P404 Underrepresentation of minorities and lack of race reporting in ulcerative colitis drug development clinical trials
Sedano, R.(1,2);Hogan, M.(3);McDonald, C.(4);Aswani-Omprakash, T.(5);Ma, C.(2,6);Jairath, V.(2,7);
(1)Western University, Division of Gastroenterology- Department of Medicine, London, Canada;(2)Alimentiv Inc, Gastroenterology, London, Canada;(3)Alimentiv Inc, n/a, London, Canada;(4)Lawson Health Research Institute- Western University, n/a, London, Canada;(5)Patient Advocate, n/a, New York, United States;(6)University of Calgary, Division of Gastroenterology & Hepatology- Departments of Medicine and Community Health Sciences, Calgary, Canada;(7)Western University, Division of Gastroenterology- Department of Medicine / Department of Epidemiology and Biostatistics, London, Canada;
Historically, inflammatory bowel disease (IBD) trials report high enrollment rates for white-caucasian patients. To promote initiatives towards diversifying patients enrolled in clinical trials, we assessed the reporting of race/ethnicity of patients enrolled in pharmaceutical clinical trials for ulcerative colitis (UC).
A previous systematic review of all placebo-controlled trials in adult patients with UC examining different therapeutic drug classes was performed from inception to December 2020.
Trial and patient characteristics were summarized according to the type of variable. Categorical variables were summarized by displaying the number and percentage of trials or participants for each category. Continuous variables were summarized by displaying the weighted mean, weighted standard deviation, and range. Means and standard deviations (SD) were weighted by the number of participants in each trial.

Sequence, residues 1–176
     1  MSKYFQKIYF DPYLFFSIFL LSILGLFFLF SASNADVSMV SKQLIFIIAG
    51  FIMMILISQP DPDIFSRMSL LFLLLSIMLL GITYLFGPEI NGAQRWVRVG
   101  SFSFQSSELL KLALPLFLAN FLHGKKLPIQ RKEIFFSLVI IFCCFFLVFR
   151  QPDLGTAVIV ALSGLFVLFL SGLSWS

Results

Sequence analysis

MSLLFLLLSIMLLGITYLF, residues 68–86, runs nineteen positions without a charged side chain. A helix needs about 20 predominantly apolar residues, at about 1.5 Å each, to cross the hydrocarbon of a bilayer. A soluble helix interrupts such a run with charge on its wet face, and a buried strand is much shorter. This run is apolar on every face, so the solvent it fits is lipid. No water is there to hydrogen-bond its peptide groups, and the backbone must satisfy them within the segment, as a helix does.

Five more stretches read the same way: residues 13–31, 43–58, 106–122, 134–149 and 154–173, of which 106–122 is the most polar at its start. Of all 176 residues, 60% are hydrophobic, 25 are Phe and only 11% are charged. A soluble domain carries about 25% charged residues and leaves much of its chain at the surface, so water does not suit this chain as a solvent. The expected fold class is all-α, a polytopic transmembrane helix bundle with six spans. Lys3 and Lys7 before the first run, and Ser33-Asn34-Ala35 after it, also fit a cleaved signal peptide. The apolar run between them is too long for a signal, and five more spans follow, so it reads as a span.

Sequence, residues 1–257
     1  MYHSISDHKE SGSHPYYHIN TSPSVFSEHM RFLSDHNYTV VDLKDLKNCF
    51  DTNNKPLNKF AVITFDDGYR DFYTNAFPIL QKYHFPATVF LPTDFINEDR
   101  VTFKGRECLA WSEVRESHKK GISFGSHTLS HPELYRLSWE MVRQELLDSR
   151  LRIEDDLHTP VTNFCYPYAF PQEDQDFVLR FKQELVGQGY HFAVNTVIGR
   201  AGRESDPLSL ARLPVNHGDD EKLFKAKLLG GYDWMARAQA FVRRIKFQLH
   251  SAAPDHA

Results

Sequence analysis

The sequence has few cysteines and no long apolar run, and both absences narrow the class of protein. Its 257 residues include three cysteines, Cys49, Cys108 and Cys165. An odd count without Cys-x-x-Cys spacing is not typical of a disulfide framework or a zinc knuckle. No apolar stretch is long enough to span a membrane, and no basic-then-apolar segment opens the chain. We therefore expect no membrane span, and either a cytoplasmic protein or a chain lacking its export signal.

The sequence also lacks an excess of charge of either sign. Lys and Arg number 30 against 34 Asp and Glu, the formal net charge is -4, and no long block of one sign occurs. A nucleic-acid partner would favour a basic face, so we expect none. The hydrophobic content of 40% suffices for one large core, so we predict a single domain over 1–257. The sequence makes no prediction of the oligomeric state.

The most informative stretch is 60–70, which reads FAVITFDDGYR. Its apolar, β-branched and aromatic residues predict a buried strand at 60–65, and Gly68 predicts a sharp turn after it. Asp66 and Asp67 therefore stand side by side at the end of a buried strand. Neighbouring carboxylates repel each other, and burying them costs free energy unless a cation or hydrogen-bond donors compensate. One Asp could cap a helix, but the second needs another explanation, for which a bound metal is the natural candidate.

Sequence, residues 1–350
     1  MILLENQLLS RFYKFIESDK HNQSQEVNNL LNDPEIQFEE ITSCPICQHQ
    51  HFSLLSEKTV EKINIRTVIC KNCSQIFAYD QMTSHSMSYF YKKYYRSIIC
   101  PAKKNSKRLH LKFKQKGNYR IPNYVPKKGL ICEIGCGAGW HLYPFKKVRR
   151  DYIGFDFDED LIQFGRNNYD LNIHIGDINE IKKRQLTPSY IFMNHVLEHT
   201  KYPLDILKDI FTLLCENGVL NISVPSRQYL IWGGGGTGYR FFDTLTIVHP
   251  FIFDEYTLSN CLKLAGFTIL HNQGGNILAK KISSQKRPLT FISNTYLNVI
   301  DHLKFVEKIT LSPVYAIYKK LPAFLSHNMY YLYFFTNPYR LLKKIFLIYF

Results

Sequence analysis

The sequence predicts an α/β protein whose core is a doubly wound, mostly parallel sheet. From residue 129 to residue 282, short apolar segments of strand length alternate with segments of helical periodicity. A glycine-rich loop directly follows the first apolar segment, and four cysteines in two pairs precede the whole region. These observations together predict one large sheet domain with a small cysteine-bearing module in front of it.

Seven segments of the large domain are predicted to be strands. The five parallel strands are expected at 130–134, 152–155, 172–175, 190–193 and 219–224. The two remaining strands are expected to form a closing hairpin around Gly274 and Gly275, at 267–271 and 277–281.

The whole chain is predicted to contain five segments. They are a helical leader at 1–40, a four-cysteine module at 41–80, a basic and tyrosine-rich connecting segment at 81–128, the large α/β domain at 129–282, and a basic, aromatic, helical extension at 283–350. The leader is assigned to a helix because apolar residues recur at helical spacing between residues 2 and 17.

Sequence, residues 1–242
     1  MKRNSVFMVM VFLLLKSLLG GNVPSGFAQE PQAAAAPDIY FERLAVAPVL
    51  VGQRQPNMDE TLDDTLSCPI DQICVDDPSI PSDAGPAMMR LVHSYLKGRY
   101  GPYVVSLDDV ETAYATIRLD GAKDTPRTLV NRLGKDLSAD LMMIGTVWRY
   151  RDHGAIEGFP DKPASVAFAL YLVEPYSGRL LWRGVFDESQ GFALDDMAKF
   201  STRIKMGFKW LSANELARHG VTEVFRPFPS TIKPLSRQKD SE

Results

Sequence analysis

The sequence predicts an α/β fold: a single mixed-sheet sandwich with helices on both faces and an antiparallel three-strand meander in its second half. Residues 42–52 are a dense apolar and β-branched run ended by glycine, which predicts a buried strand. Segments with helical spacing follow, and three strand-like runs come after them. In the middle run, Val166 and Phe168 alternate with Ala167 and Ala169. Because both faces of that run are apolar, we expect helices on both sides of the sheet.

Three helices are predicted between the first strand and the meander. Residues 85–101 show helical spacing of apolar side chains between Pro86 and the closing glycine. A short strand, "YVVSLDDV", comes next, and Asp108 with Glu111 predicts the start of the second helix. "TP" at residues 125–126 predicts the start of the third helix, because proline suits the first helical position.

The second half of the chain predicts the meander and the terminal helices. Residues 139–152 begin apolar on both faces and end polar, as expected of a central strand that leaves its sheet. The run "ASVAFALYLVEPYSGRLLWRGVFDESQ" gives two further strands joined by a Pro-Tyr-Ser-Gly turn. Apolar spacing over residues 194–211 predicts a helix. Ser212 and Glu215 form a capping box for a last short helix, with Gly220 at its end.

Descriptive statistics of trial and patient characteristics for 95 induction trials and 29 maintenance trials are summarized in Table 1. Race was reported in 37.9% (36/95) of induction studies, with most participants being White (86.3%; 8610/9976). Furthermore, 21/36 (58.3%) studies reported race as White vs. non-White participants; and 15/36 (41.7%) studies provided further breakdown, including Black (115/3414 patients [3.4%]), Asian (448/4136 patients [10.8%]), and “Other” (127/4136 patients [3.1%]). Moreover, 3/36 studies misreported race as ethnicity and, only 3/36 studies reported ethnicities correctly, classifying patients as Hispanic/Latinx vs. Non-Hispanic/Latinx. For maintenance trials, 34.5% (10/29) studies reported race, with majority of participants being White (85.6%; 2778/3246). Additionally, 6/10 studies reported only a White vs. non-White participants comparison, while 4/10 reported other races, including Black (45/1145 patients [3.9%]), Asian (40/888 patients [4.5%]), and “Other” (26/1145 patients [2.3%]). No studies reported ethnicity.
Given the increasing burden of IBD in developing countries, differences amongst racial and ethnic groups are important to understand since they can influence disease phenotype, response to therapy, and safety outcomes.1 We found poor race reporting in UC clinical trials and observed that the vast majority of participants enrolled were White. These findings suggest that the population prevalence of UC amongst different racial groups is not reflected in clinical trial populations, being important to raise awareness of the existing barriers that prevent patients from accessing clinical trials. Reporting of race and ethnicity in UC clinical trials should be mandatory, and a requirement to enroll a certain percentage of non-White patients should be considered.2